Household tasks I was responsible for: any of the messes I made with the kids would be cleaned. (Clean-up after arts/crafts). I did all the kid-related dishes;prepped/cleaned up after meals. Swept the kitchen at least once a day, because they're messy eaters. Spot cleaned drips and drops from eating. Ensured kids got their snacks and meals at their usual times. Kept to the family schedule. Helped kids with making their beds/picking up their rooms. Organized the playroom/art shelves. Would fold/put away kids laundry with the kids helping. Helped kids with gardening tasks (when appropriate) and took them out to the park, library, playtimes, etc.

All of the families had a separate housekeepers who would come once a week to do floors/deep clean the bathroom. I worked to ensure that the kids' rooms were picked up for this, their floors were clear for vacuuming, and the kids were out of the housekeepers way.

Most of the moms did not have me do any meal prep, however, they might call and ask me to set out a healthy snack for the kids if they were running late, or ask me to pull something out of the freezer to defrost. There were other times, too, if the kids were older, that we would make dinner as an activity for the day, something like a pasta dish or shepherd's pie, but again, that was a bonus. I also, nearly always did the breakfast dishes; it gave me a break from one-on-one interaction (and the kids need these sorts of times, they don't need me to be an entertainment machine, so I'd set them up with playdough and do the dishes while they played). Besides, those dishes would have just gotten in my way. That said, I never wrote it into my contract, because sometimes kids get sick or we have an extra-busy day and my first priority was always the children. Dishes can wait!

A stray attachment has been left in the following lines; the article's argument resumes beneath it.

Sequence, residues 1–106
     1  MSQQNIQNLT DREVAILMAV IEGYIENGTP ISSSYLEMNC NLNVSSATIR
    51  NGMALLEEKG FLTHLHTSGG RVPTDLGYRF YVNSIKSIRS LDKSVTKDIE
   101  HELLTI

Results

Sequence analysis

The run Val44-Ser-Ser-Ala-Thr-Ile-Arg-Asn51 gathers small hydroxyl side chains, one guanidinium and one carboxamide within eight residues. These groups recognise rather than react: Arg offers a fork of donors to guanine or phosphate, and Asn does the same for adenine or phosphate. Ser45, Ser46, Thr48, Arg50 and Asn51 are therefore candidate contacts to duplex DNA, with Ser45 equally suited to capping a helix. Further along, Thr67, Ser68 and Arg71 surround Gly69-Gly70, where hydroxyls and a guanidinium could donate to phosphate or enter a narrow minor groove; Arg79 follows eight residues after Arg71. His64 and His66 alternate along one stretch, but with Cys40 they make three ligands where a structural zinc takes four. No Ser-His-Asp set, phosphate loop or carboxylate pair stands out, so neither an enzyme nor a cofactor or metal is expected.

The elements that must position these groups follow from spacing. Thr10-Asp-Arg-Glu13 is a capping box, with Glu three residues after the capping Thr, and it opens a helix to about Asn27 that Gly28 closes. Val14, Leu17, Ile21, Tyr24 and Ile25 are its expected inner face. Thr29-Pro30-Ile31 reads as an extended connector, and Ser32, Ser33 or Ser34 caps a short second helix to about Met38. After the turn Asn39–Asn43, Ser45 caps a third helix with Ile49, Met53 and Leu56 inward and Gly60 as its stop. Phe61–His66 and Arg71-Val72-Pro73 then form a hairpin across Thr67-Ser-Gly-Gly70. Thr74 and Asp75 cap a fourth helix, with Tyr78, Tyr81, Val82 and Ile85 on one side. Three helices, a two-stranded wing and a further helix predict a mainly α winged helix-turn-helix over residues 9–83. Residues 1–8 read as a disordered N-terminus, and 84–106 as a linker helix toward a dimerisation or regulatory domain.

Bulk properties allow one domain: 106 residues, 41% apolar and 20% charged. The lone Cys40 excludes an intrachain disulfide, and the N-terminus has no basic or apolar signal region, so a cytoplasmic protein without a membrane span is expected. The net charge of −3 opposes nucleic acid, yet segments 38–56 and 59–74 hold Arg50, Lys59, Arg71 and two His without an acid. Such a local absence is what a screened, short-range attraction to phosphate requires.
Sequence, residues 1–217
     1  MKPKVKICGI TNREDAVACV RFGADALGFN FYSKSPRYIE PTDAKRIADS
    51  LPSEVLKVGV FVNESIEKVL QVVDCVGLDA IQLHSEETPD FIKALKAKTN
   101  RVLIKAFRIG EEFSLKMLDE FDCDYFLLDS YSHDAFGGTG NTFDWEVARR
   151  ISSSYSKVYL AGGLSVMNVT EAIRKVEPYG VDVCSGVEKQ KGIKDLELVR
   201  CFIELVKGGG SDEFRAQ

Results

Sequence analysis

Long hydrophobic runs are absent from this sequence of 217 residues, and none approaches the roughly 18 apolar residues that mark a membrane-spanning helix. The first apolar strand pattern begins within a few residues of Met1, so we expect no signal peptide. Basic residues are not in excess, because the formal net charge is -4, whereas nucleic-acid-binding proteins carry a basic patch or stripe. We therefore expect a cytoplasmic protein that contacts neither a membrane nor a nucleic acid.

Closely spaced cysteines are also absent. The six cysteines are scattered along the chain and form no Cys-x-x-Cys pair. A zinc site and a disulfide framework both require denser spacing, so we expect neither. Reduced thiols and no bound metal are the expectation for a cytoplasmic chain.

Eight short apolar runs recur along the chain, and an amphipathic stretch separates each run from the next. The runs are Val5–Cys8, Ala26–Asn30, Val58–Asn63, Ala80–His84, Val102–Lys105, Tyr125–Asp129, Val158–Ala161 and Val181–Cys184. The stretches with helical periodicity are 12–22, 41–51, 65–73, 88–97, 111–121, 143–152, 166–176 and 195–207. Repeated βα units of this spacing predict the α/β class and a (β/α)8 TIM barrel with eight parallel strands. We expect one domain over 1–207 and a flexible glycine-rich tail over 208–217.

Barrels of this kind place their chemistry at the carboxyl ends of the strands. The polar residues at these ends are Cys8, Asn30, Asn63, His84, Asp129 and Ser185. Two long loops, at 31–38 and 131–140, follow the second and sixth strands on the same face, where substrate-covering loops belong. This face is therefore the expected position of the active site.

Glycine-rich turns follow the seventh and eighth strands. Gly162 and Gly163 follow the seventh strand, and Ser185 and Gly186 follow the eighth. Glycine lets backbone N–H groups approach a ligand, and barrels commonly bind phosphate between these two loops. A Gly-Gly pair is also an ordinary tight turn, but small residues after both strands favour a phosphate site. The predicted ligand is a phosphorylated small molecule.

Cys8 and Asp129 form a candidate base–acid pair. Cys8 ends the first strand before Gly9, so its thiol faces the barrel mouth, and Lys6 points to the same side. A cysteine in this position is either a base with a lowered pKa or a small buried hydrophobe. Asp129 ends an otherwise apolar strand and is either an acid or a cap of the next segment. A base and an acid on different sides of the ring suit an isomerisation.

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answers from Houston on

She cleans all over, but only deep if we want her to. She washes all the dishes. She changes our sheets and does laundry. She declutters. She will do meal prep if we ask, but I prefer to do my own cooking. Of course, she does prepare meals for my son. She walks him to the park or through the neighborhood, no driving.